The Illusionist is also a bit sluggish sort of like a complicated magic trick building to its climatic conclusion. It starts at the turn of the century when mysterious stage magician Eisenheim (Edward Norton) arrives in Vienna and begins performing his astounding illusions. He arouses not only the curiosity of the people who believe he has otherworldly powers but of the ruthless Crown Prince Leopold (Rufus Sewell) an unsavory fellow who’d like to prove the man a fraud especially after he witnesses a budding attraction between his beautiful fiancé Sophie von Teschen (Jessica Biel) and the magician. What Leopold doesn’t know is that Eisenheim and Sophie were once childhood sweethearts—and now that they’ve reunited a dormant and forbidden love affair has been rekindled. Now it’s up to Vienna's shrewd Chief Inspector Uhl (Paul Giamatti) to uncover the truth charged by Leopold to intensify his efforts to expose Eisenheim. With Uhl doggedly pursuing the man behind the magician Eisenheim prepares to execute his greatest illusion yet. The stars of The Illusionist all shine. Yes even Ms. Biel who may not be of the same caliber as her cast mates but certainly doesn’t embarrass herself either as the aristocratic Sophie with a feisty spirit. Norton who has always prided himself on choosing his projects wisely is sad and wonderful as The Illusionist’s regal and masterful purveyor of chimera. Oscar could come calling. Gold might also be in Giamatti’s horizon who seems unable to turn in a sour performance in whatever he does (even if its swimming with water nymphs). As the steadfast policeman Uhl Giamatti takes the brilliantly juicy part and runs with it. He really comes alive when trying to figure out Eisenheim’s trickery but is continually baffled by it at the same time. Sewell (The Legend of Zorro) plays the bad guy once again. Guess he doesn’t really care to try something new so long as he gets the job done. The reason The Illusionist feels like an independent film despite its opulent art direction and period costumes is because writer/director Neil Burger is a newbie. And it’s obvious the story is something close to his heart. Taken from a short story called “Eisenheim The Illusionist ” Burger has cleverly interwoven an intimate murder mystery with a grand and romantic saga of two lovers torn apart by class struggles all within the frame work of magic. It’s a brilliant first effort. Burger’s inexperience does show up at times especially in how the film plods a bit in the beginning but once it gets going you’re hooked. It’s also interesting to note there are TWO 19th century period movies about magicians coming out in the same year. Christopher Nolan’s The Prestige with Hugh Jackman and Christian Bale as rival magicians is due out in October. Magicians and their tricks can certainly be cinema worthy it’s just funny to see how those Hollywood execs all think alike: “Hey did you hear about that new guy doing a movie about a turn of the century illusionist or whatever? Let’s do one too!” “OK and let’s release it two months after the first one!” “OK!” Oy.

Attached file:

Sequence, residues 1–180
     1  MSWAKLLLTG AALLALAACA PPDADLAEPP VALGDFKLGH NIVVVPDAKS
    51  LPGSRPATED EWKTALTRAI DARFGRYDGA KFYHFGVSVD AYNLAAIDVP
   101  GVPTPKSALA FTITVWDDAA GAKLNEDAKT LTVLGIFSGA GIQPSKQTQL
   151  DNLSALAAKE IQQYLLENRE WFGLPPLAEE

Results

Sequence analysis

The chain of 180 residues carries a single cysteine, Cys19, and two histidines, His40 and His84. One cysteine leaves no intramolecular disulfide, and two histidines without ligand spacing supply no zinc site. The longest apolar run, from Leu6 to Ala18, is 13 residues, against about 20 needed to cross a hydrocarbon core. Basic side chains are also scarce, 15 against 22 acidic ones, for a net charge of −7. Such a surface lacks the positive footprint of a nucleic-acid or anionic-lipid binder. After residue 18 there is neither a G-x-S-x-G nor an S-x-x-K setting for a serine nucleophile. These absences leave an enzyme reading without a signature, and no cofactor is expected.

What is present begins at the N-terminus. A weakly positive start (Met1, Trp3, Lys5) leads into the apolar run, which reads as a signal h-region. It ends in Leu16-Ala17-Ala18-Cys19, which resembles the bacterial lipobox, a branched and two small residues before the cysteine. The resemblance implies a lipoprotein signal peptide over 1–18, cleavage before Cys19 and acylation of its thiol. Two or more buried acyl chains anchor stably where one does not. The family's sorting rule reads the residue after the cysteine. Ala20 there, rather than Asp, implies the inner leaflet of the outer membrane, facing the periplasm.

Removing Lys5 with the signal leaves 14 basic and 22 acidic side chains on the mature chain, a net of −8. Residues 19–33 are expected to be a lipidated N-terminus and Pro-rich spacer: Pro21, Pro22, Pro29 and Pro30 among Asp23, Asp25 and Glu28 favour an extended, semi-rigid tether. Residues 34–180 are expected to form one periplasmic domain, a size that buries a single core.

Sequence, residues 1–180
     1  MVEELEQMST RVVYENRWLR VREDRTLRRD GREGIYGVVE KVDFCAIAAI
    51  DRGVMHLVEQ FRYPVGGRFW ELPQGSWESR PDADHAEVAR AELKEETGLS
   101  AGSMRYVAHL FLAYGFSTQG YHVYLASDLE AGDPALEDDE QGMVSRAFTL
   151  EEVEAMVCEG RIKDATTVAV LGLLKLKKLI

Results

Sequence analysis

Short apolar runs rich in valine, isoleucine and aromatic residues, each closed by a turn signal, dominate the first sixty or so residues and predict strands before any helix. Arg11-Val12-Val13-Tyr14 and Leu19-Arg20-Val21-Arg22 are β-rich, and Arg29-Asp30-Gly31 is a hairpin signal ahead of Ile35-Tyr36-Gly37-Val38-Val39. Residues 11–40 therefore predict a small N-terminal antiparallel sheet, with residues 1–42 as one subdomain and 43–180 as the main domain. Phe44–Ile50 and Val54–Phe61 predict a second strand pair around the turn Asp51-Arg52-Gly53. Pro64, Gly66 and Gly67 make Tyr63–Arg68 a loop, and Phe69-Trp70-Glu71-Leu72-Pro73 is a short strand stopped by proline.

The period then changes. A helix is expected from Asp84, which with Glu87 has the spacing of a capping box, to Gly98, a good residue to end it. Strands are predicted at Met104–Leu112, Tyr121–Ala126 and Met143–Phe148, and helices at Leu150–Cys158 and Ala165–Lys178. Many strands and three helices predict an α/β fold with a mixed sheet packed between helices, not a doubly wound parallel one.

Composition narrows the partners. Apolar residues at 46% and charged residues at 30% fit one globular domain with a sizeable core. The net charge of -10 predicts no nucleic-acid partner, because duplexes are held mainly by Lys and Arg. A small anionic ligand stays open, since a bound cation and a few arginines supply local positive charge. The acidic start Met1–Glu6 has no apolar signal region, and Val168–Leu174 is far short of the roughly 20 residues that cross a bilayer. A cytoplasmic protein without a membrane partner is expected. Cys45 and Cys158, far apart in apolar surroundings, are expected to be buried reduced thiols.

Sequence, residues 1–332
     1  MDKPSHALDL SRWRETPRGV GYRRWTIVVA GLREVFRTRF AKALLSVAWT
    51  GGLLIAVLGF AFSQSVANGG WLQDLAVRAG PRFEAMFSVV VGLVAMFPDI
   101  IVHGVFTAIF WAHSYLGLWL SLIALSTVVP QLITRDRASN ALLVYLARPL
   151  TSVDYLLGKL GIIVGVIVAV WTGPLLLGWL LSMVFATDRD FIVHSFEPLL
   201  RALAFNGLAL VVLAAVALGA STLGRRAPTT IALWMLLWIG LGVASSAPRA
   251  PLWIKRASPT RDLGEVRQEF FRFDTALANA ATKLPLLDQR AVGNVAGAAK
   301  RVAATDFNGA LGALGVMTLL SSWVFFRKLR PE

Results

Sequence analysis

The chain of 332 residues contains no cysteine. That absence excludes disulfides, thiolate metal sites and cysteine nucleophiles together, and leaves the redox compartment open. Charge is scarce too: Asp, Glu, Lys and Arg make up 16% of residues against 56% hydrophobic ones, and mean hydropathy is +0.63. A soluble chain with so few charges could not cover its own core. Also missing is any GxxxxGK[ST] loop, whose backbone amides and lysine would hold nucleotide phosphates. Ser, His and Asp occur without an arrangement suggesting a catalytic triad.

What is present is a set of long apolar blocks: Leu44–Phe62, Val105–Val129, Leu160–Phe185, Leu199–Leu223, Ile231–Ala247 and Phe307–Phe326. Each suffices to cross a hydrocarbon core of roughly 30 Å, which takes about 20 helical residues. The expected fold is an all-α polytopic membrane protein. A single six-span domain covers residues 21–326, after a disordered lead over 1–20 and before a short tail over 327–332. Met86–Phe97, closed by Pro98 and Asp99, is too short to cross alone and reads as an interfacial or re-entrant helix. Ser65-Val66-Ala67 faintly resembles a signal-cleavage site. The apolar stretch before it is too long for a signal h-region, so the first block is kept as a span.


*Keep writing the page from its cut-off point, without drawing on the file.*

In the late 19th century Dr. Gabriel Van Helsing (Hugh Jackman) a misunderstood monster hunter is summoned to Transylvania to ferret out Count Dracula (Richard Roxburgh) and kill him once and for all. When Van Helsing gets to the small village where the vampire was last spotted he discovers he also must contend with Dracula's three seriously twisted vampire brides Dracula's angry henchman/werewolf--and a lovely gypsy princess named Anna Valerious (Kate Beckinsale) who is hell-bent on eradicating Dracula and his bloodsucking kind for slaughtering her entire family. Oh and let's not forget Frankenstein's Monster (Shuler Hensley) who holds the key to Dracula's evil master plan--something about releasing his minions of unborn bat-like children from their goo-filled cocoons so they can wreck havoc on the world. Yuck. Sounds like our resident monster stomper and his sword-swinging gal pal have their work cut out for them. If Van Helsing does manage to kill all his monster foes does that mean he's out of a job?
Jackman has the whole antihero thing down pat. He adequately embodies the younger more virile Van Helsing dishing out as much pain and torture as he can on the undead--but the Aussie actor isn't given nearly as much meat to chew on as he did say delving into the complicated Wolverine in X-Men. Instead the monster hunter is relegated to carrying big weapons wearing a big hat and muttering something about having bad dreams to a past he can't remember. Same goes for Beckinsale. The British actress was oh-so-cool on the other side of the fence playing the chic vampire Selene in Underworld cutting her way through a myriad of werewolves. As Van Helsing's heavily accented female counterpart Anna however she just runs around with her sword blurting out such pathetic dialogue such as "Dracula took everything away from me and now I'm alone in the world" while Roxburgh's Dracula--who can't hold a candle to other far more charismatic Draculas before him--wails about being so very alone as his luscious brides hang upside down in front of him. Give me a break. At least Australian actor David Wenham (The Lord of the Rings) provides much-needed comic relief as Van Helsing's sidekick Carl a Catholic friar who doesn't much like playing hero.
With the requisite dark mood and tone action sequences and snazzy CGI-creations including the winged vampire brides and formidable werewolves you can see exactly where writer/director Stephen Sommers (The Mummy) spent Van Helsing's nearly $150 million budget. But even all the bells and whistles can't tie together the film's vacuous nonsensical mumbo jumbo as Sommers attempts to bring classic movie monsters together in the same movie. Maybe in a tongue-in-cheek Abbott and Costello movie it could work but as a serious action-packed thriller clearly Dracula Frankenstein and the Wolf Man do not need to meet. On top of that Sommers steals from other movies as well such as recent films Underworld (the whole vampire vs. werewolf conflict) and The League of Extraordinary Gentleman (Van Helsing defeats a rather familiar-looking Mr. Hyde at one point). Whatever originality there is in the film leaves you either scratching your head--Dracula has kids?--or rolling your eyes--Anna needs to kill Dracula so her nine-generations of family can reunite in Heaven? Please.